A Critical Look at Social Reporting Evolution: Social Case in Its Future?

A Critical Look at Social Reporting Evolution: Social Case in Its Future?

Francisca Castilla-Polo (University of Jaén, Spain)
Copyright: © 2020 |Pages: 21
DOI: 10.4018/978-1-7998-2136-6.ch014

Abstract

This study analyzes the evolution of social reporting. After reviewing the literature on this topic and the main initiatives, reports, and standards, three stages can be distinguished: early moments, middle course, and current situation. All these stages have a coinciding concern that is accountability, but a very different way of putting it into practice. As the main conclusion, accountability continues to be the main objective of social reporting because companies understand the need to attend to stakeholders' demands in line with the stakeholder theory. However, voluntariness seems to give way to a regulatory horizon that allows the information received by these groups to be more relevant and reliable according to Directive 2014/95/EU for Non-Financial Information as a benchmark example of the social case in an international sphere. This contribution can help accounting regulators to address the immediate future of social reporting because understanding the past is a key to approaching the future.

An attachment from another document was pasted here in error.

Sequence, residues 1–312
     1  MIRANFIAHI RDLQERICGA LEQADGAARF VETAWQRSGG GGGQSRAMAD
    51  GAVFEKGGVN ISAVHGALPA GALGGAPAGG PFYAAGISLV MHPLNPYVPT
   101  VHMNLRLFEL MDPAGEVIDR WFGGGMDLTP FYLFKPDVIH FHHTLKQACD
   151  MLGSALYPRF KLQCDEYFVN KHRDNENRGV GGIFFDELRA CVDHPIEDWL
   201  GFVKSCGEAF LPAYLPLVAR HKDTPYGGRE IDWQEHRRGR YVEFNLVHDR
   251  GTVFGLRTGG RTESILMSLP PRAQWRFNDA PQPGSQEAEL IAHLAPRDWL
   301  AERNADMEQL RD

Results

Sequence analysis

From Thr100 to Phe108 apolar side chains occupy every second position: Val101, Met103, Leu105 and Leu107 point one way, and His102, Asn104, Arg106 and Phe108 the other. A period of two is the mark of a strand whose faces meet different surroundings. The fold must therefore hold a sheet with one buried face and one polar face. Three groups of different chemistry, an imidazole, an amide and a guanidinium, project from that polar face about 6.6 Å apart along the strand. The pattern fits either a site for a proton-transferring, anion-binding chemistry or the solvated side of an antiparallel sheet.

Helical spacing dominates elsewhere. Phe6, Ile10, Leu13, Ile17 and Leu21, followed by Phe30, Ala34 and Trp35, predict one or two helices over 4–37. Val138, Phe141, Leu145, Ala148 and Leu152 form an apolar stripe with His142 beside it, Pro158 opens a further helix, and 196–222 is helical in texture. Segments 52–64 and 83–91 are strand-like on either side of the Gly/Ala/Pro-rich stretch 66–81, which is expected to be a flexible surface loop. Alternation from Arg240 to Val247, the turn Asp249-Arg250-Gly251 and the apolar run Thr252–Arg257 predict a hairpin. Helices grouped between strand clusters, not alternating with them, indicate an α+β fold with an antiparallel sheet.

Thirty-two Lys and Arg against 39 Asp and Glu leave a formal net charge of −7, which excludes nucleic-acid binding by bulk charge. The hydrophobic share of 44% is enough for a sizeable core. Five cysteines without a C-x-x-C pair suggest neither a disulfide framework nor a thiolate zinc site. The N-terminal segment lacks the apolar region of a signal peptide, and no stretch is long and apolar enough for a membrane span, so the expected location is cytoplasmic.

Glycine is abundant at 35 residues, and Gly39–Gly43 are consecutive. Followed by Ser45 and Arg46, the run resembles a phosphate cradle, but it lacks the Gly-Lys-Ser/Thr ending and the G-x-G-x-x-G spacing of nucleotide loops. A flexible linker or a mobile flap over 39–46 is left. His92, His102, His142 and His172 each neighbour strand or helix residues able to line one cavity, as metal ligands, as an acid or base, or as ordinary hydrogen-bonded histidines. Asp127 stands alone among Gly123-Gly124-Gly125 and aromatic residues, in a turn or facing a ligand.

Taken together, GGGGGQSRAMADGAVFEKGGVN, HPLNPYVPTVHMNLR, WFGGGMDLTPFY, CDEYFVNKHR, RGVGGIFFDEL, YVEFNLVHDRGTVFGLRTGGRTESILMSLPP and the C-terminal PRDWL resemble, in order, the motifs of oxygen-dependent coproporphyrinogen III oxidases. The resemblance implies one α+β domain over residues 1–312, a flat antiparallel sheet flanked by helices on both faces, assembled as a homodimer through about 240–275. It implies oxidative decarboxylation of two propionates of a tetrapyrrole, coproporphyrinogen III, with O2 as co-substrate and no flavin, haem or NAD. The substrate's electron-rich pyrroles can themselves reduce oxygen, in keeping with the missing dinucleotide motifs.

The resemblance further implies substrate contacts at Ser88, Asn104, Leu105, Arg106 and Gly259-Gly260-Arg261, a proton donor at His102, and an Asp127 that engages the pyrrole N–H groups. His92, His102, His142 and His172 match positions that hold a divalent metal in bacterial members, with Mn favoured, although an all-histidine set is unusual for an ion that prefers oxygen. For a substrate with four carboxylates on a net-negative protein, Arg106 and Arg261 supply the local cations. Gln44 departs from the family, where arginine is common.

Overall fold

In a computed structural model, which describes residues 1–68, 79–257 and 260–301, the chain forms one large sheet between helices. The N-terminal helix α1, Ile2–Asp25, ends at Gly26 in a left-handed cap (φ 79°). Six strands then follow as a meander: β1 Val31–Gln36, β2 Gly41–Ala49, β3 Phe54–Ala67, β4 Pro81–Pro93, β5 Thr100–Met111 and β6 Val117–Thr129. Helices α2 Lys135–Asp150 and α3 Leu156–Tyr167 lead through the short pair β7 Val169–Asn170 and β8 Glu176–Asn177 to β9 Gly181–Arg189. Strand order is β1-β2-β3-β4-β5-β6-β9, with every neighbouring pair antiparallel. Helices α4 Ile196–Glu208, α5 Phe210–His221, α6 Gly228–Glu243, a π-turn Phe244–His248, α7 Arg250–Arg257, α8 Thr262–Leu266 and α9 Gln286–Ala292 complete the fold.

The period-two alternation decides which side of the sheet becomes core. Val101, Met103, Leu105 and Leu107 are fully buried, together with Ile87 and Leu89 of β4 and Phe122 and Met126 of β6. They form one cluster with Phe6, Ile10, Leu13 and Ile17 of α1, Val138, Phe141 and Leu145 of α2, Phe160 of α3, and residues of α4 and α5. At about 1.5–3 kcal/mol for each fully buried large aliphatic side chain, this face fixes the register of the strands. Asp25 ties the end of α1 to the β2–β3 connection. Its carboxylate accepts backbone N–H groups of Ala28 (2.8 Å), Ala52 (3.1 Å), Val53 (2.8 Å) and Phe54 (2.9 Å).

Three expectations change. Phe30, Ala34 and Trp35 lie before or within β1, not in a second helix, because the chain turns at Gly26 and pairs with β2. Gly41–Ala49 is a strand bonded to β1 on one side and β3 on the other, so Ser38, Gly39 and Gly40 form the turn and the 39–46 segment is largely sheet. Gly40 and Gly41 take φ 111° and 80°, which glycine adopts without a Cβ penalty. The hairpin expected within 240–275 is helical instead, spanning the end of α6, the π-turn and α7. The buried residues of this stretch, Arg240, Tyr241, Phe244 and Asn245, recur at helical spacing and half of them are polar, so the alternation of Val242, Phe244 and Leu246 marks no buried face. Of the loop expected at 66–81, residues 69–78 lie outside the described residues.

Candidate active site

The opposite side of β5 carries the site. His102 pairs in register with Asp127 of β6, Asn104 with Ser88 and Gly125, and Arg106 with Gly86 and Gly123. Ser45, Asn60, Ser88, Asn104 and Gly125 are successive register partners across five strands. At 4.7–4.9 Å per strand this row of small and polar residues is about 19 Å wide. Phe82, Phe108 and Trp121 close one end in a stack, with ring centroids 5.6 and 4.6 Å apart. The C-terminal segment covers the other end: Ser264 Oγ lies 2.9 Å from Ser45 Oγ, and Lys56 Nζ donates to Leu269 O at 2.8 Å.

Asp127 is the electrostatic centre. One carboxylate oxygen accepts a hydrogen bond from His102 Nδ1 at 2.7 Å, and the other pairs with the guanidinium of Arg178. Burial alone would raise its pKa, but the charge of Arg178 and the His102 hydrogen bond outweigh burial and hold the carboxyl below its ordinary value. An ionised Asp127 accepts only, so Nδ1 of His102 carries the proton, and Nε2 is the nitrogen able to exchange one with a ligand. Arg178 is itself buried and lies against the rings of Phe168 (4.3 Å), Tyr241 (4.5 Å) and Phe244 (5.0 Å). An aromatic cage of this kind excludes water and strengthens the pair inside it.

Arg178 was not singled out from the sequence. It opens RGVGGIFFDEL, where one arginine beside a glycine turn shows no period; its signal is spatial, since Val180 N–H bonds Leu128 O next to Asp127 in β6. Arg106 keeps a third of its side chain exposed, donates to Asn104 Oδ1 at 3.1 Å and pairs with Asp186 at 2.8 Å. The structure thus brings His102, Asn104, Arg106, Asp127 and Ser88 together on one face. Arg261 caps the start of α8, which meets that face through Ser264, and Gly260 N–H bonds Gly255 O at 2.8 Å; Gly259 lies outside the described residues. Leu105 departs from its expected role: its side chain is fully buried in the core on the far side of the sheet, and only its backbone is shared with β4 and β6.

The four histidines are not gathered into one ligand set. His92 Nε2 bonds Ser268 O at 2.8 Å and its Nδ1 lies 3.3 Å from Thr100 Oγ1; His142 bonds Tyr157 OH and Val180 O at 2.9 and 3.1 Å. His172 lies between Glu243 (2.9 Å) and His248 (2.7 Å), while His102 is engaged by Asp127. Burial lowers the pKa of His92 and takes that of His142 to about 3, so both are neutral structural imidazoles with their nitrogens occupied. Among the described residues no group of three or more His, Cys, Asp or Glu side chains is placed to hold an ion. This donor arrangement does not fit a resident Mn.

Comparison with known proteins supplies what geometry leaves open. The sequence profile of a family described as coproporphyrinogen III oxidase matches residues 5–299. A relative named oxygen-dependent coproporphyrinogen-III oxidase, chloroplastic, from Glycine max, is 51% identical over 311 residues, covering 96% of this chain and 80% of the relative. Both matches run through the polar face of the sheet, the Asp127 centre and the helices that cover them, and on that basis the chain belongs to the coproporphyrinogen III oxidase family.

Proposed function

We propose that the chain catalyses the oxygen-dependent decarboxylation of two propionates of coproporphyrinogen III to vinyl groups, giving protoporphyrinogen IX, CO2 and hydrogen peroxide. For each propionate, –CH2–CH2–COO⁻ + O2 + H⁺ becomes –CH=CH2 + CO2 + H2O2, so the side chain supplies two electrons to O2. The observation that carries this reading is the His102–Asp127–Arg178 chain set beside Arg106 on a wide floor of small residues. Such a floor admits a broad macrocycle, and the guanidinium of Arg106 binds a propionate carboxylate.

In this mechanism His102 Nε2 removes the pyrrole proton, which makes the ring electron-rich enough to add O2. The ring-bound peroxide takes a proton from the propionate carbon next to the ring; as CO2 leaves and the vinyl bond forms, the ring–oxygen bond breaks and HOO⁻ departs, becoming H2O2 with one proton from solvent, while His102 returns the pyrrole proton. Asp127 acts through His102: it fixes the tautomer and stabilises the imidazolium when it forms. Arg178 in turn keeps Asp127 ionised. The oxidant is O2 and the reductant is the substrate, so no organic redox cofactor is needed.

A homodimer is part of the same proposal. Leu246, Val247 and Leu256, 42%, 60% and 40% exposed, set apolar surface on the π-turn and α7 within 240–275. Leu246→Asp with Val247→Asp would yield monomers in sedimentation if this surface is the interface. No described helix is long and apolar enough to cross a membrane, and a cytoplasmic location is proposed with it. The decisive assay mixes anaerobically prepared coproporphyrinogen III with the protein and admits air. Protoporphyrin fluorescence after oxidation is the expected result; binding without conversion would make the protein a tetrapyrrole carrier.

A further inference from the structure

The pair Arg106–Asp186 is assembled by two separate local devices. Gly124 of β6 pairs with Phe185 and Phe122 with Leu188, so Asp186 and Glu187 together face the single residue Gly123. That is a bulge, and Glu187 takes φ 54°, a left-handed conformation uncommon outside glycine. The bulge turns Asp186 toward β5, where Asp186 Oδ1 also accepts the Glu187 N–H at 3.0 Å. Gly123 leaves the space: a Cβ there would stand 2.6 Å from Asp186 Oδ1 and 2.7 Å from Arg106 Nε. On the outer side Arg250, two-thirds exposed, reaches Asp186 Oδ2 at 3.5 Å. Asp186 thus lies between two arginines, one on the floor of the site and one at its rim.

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Introduction

Stakeholder Theory is one of the most used frames of reference in the field of Social Responsibility (hereinafter SR)1. This concept can be defined following one of its most relevant definitions carried out by the European Union (EU) “a concept whereby companies integrate social and environmental concerns in their business operations and in their interaction with their stakeholders on a voluntary basis”(European Union, 2011)2. Thus, when SR is assumed strategically, the demands of its stakeholders must be attended in line with the arguments pointed out by this theory (Freeman, 1984). This also implies social reporting reaching a key place in order to communicate SR to third parties or groups of interest.

Rupley et al. (2017:172) state that “stakeholders demand transparency, accountability, and strategic information connecting the past to future risks and opportunities”. This information has not been broadly provided in financial statements until today but it is necessary to maintain or to create a good relationship with these groups (Nielsen and Thomsen, 2007). In this context, social reporting understood in an broad way3 emerges as a tool to achieve transparency in decision-making processes considering all stakeholders in a moral, administrative, political, management, marketing, legal and judicial perspective, that is for accountability. Many studies (Kaptein and Van Tulder, 2003; Moneva, 2007; Fernández-Feijoo et al. 2013) also insist on the role of transparency within the conceptual declarations on SR, since according to their criterion they all establish it as a basic principle. Logically, transparency consists of the preparation of information that reflects responsible action and that allows the company to display accountability. In this sense, it is a key condition for social reporting but the latter also is a tool for improving transparency (Fernández-Feijoo et al. 2013).